Ever wonder if a mystery writer would be chosen to sit on a jury for a murder trial? Author Michele Drier writes the Amy Hobbes Newspaper Mysteries, a paranormal romance series, and is currently working on the first book in The Stained Glass Chronicles, which she calls a dark cozy series. Today she joins us to talk about her experience when summoned to jury duty. Learn more about Michele and her books at her Amazon author page.
Murder? On a Jury? Moi?
When the jury summons envelope showed up, I put it aside to look at later. I could have asked to be taken out of the pool, I’m old enough to have been excluded.
I believe in civic duty, though. Always vote, even in strictly local elections. Obey traffic laws. So on the appointed date, I set my alarm for 5:30 a.m. in order to get to the jury assembly room before 8 a.m., coffee mug and ebook reader handy. I figured a piece of cake. Even on the off chance my name was called, I go to a courtroom, sit in the back, watch as a jury was chosen and then head home, dismissed.
This was not to be. I was in the first group called to report to a courtroom. Once there, I was in the first eighteen people to be seated for voir dire (when the judge and attorneys ask questions). I’d carefully written down that I was an author of murder mysteries on my questionnaire, thinking this was a slam-dunk for dismissal as the case was murder.
The judge asked what my favorite book was (I’ve probably read thousands) and who my favorite author was (before my jaw hit the floor I managed to come up with Agatha Christie), the attorneys asked if I would wait to hear all the evidence before I made up my mind and bang, I was juror #7.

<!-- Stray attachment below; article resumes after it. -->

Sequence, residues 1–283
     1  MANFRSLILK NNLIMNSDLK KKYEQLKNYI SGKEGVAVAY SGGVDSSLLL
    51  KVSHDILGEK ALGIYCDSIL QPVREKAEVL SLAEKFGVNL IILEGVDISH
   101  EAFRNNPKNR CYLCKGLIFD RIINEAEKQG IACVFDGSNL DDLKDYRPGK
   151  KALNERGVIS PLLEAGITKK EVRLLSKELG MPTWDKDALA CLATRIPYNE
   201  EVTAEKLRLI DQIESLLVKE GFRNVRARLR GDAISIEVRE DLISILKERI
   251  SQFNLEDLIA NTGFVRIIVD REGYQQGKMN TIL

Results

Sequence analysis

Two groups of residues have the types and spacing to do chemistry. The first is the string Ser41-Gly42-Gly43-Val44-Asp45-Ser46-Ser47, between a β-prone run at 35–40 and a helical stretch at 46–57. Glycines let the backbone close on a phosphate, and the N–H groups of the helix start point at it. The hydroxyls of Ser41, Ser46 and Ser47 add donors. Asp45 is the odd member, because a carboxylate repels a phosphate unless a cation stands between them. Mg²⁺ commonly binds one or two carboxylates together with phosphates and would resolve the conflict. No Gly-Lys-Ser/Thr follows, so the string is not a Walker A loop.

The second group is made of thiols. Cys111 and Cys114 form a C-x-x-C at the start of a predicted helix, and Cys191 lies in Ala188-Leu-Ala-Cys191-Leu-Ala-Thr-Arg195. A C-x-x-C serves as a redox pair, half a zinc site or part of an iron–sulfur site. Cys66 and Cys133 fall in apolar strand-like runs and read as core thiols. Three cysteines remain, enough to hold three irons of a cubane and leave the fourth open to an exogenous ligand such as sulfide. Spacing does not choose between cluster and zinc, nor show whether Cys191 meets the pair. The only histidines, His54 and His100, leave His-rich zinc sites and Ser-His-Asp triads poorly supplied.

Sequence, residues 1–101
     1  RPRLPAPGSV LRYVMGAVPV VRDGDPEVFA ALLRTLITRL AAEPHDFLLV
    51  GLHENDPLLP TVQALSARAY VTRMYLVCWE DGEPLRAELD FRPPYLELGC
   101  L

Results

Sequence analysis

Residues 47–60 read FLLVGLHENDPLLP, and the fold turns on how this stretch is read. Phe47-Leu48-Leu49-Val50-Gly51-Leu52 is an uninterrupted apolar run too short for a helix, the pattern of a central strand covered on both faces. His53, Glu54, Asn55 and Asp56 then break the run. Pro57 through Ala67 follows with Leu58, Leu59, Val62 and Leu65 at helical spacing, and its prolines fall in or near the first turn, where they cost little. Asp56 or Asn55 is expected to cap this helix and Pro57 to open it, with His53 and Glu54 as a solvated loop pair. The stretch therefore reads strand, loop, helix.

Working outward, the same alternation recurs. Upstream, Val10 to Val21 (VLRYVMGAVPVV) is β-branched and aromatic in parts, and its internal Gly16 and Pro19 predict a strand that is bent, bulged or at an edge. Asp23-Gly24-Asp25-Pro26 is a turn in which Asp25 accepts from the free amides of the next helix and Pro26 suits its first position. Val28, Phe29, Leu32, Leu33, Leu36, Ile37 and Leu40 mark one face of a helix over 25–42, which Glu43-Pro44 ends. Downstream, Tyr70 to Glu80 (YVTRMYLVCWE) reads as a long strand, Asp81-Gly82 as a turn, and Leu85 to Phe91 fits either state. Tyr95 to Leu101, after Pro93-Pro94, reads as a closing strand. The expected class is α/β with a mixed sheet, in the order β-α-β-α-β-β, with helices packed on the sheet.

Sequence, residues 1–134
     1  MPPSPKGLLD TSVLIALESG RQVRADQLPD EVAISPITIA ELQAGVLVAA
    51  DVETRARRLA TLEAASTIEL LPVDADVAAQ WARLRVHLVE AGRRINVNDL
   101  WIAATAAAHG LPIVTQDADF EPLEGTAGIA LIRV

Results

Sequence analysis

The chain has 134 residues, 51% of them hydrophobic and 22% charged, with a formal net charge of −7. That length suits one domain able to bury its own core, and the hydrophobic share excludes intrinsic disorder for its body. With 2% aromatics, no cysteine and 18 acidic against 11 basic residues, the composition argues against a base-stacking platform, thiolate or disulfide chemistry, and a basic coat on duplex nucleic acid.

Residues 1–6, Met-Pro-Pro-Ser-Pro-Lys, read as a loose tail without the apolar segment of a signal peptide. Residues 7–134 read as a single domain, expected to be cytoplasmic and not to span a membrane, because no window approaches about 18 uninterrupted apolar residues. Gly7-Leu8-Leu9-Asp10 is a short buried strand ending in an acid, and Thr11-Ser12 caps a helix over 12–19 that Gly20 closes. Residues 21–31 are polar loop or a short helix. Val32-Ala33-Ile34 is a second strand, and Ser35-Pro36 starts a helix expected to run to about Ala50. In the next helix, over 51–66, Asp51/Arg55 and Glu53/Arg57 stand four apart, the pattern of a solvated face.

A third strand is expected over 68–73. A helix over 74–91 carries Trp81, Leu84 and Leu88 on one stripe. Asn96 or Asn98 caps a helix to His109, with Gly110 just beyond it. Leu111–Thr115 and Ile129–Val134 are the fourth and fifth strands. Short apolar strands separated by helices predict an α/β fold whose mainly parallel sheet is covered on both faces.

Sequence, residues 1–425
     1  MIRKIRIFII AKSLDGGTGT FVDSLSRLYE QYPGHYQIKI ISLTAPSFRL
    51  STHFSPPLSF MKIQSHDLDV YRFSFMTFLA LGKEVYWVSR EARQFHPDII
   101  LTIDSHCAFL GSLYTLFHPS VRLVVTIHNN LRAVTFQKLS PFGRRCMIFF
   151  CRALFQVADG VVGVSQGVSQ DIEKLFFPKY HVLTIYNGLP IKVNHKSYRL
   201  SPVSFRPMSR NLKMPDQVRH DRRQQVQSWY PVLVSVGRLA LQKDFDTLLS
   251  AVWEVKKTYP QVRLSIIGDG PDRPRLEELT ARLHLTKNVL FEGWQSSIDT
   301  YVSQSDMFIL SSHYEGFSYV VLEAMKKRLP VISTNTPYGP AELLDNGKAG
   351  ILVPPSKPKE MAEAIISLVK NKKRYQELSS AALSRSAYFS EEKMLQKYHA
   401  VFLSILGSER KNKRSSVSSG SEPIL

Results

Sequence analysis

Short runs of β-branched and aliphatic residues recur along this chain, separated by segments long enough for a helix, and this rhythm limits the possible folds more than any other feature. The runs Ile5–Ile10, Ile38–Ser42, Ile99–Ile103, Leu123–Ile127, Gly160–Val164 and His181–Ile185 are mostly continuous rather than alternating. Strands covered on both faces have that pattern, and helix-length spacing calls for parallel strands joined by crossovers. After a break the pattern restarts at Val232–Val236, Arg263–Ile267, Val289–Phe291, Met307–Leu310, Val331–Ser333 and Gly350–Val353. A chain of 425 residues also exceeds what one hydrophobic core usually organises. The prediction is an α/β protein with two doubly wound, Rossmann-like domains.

It was a murder case, but the defendant called the sheriff’s office and announced he’d shot his wife, so our job was to sift through testimony and evidence and come up with the degree; first or second degree murder or manslaughter.
The defendant was a young man in his early 20s who’d shot his female partner and killed her. There were no witnesses; it happened in the middle of the afternoon in the mobile home they shared with their 3-year-old son. We saw pictures of the scene, pictures of her dead on the bed, pictures of the gun and ammunition, pictures of the mobile home and pictures of their cars. We heard testimony from another man she was dating, the defendant’s closest friend, the victim’s mother and a psychologist the defense retained to interview the defendant after he’d been in jail for about 18 months (right before the trial).
It was just a sad tale of domestic abuse and jealousy. One of the pieces of evidence used by both the defense and prosecution was a Facebook message that he’d posted on the page of his girlfriend’s other lover. “You don’t mess with someone else’s wife.”
We heard from forensic experts on gunshot residue, blood spatter (there wasn’t any, it pooled on the mattress under the exit wound), stippling (gun powder marks on her face), to judge how close he was to her and at what angle the shot was fired. We saw autopsy pictures clearly showing the entry and exit wounds.